On December 14, 2014, CEQ published a Draft Guidance on NEPA review of project-related greenhouse gas emissions and climate change effects. Today (Mar. 25, 2015) is the deadline for submitting comments on the Guidance. On behalf of the Competitive Enterprise Institute, 14 other pro-market organizations, and one university professor, I submitted a joint comment letter critiquing CEQ’s proposal.

In brief, we argue that:

  • NEPA review is an inappropriate framework for making climate policy.
  • Project-related greenhouse gas emissions should not be a factor determining whether agencies grant or deny permits for individual projects.
  • Requiring agencies to consider project-related greenhouse gas emissions will make the pointless sturm und drang over the Keystone XL Pipeline the ‘new normal’ in NEPA review, further empowering NIMBY and anti-energy activists to block development projects with immense economic benefits and immeasurably small, hypothetical climate effects.
  • The Guidance will feed the hubris of those who believe government exists to bankrupt businesses and industries they dislike.
  • CEQ should withdraw the Guidance.

[click to continue…]

Post image for EPA’s Clean Power Plan: Whitman Goes Orwell on McConnell

In a recent column in Politico, former EPA Administrator Christine Todd Whitman scolds Senate Majority Leader Mitch McConnell (R-Ky.) for an op-ed urging states to ‘just say no’ to EPA’s Clean Power Plan (CPP) – the agency’s proposal to cap carbon dioxide (CO2) emissions from state electric power sectors.

In a nutshell, Whitman accuses McConnell of urging States to break the law. Nonsense. Declining to submit a plan to implement EPA’s regulation is a lawful option under the Clean Air Act. Indeed, the right of States to keep their fingerprints off regulations they regard as unlawful or simply as misguided is basic to the “cooperative federalism” concept on which the Clean Air Act is based. Whether or not states should be complicit in the Clean Power Plan is a prudential question. McConnell argues (correctly, IMO) that the most prudent course for States is to let EPA bear sole responsibility for implementing an unlawful rule.

Although Whitman quotes two sentences from McConnell’s essay, she never engages any of his arguments. Instead, she tut-tuts about the rule of law without apparently understanding what it means.

I reproduce Whitman’s column below and offer commentary on each part. Her text is indented in blue, my comments are standard width in black.

Whitman: Sen. Mitch McConnell earlier this month encouraged states to defy federal environmental regulations by simply ignoring them. This was not some quote taken out of context by a pesky reporter; it was an op-ed he wrote in the Lexington Herald-Leader. The Republican Senate majority leader is protesting the Environmental Protection Agency’s proposal to cut greenhouse gas emissions from coal plants. The agency plans to finalize the rule this summer, after which states will have a chance to submit their own plans to meet the EPA’s specific goal for the state. He writes:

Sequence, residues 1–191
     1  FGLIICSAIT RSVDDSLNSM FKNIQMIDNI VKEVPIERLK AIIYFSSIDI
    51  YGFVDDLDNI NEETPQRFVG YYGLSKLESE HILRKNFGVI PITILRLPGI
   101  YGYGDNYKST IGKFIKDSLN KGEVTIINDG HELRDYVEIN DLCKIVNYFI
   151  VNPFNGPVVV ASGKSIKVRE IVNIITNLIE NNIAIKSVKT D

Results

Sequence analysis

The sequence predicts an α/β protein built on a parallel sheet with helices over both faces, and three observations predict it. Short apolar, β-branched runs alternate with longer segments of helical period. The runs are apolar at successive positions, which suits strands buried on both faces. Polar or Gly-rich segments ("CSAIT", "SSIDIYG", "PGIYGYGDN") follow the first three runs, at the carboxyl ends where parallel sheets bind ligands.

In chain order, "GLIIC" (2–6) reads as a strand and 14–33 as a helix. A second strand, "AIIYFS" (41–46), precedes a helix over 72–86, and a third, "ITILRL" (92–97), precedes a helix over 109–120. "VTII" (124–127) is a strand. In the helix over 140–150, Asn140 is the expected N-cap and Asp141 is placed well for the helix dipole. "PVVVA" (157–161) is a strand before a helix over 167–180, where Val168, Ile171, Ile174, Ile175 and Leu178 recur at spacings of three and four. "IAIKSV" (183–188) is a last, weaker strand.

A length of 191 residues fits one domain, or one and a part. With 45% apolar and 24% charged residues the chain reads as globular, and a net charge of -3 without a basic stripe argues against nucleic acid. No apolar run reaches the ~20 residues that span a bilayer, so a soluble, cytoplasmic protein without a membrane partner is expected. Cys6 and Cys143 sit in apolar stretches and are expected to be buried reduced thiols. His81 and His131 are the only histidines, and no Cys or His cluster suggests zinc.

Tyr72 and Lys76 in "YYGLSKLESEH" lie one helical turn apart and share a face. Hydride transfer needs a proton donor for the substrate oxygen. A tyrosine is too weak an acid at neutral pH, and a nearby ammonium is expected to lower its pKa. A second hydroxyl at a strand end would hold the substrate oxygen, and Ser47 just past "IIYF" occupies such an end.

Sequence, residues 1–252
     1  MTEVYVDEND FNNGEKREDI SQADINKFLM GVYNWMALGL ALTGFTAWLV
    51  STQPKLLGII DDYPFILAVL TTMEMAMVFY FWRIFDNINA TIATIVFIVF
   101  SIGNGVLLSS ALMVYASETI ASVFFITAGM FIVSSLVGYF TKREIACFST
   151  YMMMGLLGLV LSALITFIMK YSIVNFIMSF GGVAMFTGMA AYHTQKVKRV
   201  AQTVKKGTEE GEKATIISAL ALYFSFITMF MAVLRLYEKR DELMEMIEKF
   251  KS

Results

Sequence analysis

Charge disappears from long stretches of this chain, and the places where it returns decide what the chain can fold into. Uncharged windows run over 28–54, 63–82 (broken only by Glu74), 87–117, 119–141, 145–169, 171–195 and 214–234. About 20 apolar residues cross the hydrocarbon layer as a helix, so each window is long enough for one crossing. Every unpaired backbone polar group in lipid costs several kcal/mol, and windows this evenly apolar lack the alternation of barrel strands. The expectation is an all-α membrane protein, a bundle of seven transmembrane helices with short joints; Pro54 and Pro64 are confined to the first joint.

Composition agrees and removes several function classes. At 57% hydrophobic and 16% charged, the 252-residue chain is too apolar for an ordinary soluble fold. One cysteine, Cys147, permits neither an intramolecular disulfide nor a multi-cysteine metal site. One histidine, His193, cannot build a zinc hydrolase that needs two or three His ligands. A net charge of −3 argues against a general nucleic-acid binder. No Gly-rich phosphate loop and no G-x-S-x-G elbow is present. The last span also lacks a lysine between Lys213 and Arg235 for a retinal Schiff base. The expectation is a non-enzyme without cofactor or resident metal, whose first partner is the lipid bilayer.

“Think twice before submitting a state plan — which could lock you in to federal enforcement and expose you to lawsuits — when the administration is standing on shaky legal ground and when, without your support, it won’t be able to demonstrate the capacity to carry out such political extremism. Refusing to go along at this time with such an extreme proposed regulation would give the courts time to figure out if it is even legal, and it would give Congress more time to fight back.”

None of this is surprising from the senator who said shortly after his reelection that his top priority was “to try to do whatever I can to get the EPA reined in,” but it is extremely disappointing and has the possibility to undermine our nation’s entire rule of law.

ML Comment: It’s also not surprising that a prominent EPA alumna sides with her alma mater. Just as the value of your diploma is affected by your school’s subsequent academic standing, so the prestige of a former Administrator is affected by the public perception, regulatory reach, and economic importance of the agency she once ran. [click to continue…]

Post image for Sen. Cruz and Rep. Bridenstine Introduce American Energy Renaissance Act

You know or suspect that the administration’s war on carbon energy is either a costly exercise in futility or a humanitarian disaster, depending on how aggressively they pursue it. You may also know or suspect that “all of the above” is Washington-speak for dispensing more corporate welfare to under-performing energy companies.

So what would a genuine pro-market energy agenda look like? Sen. Ted Cruz (R-Texas) and Rep. John Bridenstine (R-Okla.) put it all together in a bill titled the American Energy Renaissance Act. The bill would “remove federal impediments to energy exploration, development, and trade.” It would increase U.S. GDP, economic opportunity, and geopolitical influence by reducing federal interference with market-driven energy investment.

Sen. Cruz’s press release presents the two lawmakers’ energy policy perspective and summarizes the bill’s key provisions. The policy summary is reproduced below. [click to continue…]